Work finally underway to bring good books to Cannon Place


The Van Cortlandt library is getting a major upgrade, but it won’t be new carpets or a fresh coat of paint.

Instead, work has begun on the library’s new home — a stone’s throw away from its current 3874 Sedgwick Ave., location, finding its way to 3882 Cannon Place. The new site is not only double the size of the current Sedgwick Avenue location, but it will come complete with an outdoor area, age-specific spaces, and a community room.

Peter Pamphile, the branch manager for the Van Cortlandt Library, says he hopes the new location will allow the neighborhood to finally get the chance to take advantage of all the perks that come with modern libraries.

“This is one of the few places in New York we can use to access knowledge and attend a program and entertain yourself and get books to learn from,” he said. “We offer so much to everyone, and there are not too many places in New York that do.”

The new location won’t open until next year. In the meantime, however, the existing branch remains open.

Pamphile has big dreams for the new space and intends on continuing his work with local schools like P.S. 95 Sheila Mencher and DeWitt Clinton High School, as well as civic hotspots like the Kingsbridge Heights Community Center.

Although the original branch is small, it is indeed mighty, Pamphile said. In the one-room space, the branch received nearly 60,000 visits.

“The evidence is in the numbers,” said Anthony Marx, president of the New York Public Library. “So we can’t wait to see what you can do next, Peter.”

Yet, the old library does have its challenges. Its one-floor setup created overlapping programs that would constantly compete for space — especially since there weren’t any dividing rooms.

“When I was first elected, I got a complaint from a constituent, an older woman, who was complaining about the kids in the library,” Councilman Andrew Cohen said. “And I thought to myself, ‘Why would you want to discourage the kids in the library?’ But it really just points to the need for distinct programming for people.”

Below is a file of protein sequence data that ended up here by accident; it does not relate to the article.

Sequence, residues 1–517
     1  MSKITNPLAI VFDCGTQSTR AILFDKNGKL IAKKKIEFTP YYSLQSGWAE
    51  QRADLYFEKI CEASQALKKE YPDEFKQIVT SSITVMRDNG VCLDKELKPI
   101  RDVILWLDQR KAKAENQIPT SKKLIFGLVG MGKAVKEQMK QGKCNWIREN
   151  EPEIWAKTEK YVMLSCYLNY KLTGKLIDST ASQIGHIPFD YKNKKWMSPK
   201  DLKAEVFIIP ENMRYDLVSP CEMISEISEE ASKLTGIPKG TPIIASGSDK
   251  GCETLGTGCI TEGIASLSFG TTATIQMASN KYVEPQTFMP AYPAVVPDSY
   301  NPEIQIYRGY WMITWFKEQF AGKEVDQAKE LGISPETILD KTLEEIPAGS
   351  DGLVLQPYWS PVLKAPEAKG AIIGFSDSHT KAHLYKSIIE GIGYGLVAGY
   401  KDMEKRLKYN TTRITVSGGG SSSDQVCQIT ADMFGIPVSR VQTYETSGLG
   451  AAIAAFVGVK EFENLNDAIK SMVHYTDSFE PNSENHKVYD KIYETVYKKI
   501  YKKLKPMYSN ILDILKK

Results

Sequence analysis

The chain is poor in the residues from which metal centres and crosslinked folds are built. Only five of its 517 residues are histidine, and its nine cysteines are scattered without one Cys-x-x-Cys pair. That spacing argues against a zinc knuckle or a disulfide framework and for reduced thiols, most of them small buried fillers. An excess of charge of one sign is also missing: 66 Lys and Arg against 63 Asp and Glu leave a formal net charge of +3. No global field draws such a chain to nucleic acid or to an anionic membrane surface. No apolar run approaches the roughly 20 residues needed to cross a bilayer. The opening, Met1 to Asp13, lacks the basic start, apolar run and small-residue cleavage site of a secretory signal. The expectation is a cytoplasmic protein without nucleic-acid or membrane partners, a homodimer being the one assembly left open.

The new branch caters to that very need. Elora Ibarra, a resident who lives on the same street as the new building, believes that to be true.

“We have a lot of people sharing that one space, so having a new library with multiple areas for multiple ages and groups is going to help this neighborhood a whole lot,” she said. “I appreciate it and was very excited when I found out that that was what was going on over here. You had little kids running around screaming, and you had people who were trying to work.”

The Cannon Place building had been vacant for a while with chatter about bringing the Van Cortlandt Library there revving up about two summers ago. Now that it’s all official, Ibarra is excited.

“I can just walk up the hill,” she said.

A quarter of the $8 million needed to construct the new branch came through money gathered by elected officials like Cohen, Bronx borough president Ruben Diaz Jr., and Assemblyman Jeffrey Dinowitz. In addition to being a larger space on two floors with multiple rooms, the new library also includes more computers and laptops, programming and workshops for all ages, an adult reading room, phone and laptop charging stations at tables, and several public restrooms.

“The library has become a social hub of information, of activity, of community,” Diaz said. “When we pool our resources together, this is exactly what we get.”

Oftentimes, branches in poorer neighborhoods are closed, Marx said, but that only makes the upgrade projects like the one in Van Cortlandt that much more important.

“Thanks to New Yorkers for using libraries more and more and fighting against a time and idea that says we don’t need to learn or we don’t need to sit together across our differences,” Marx said. “We’re here to reinvest in our branches, and more importantly in our citizens.”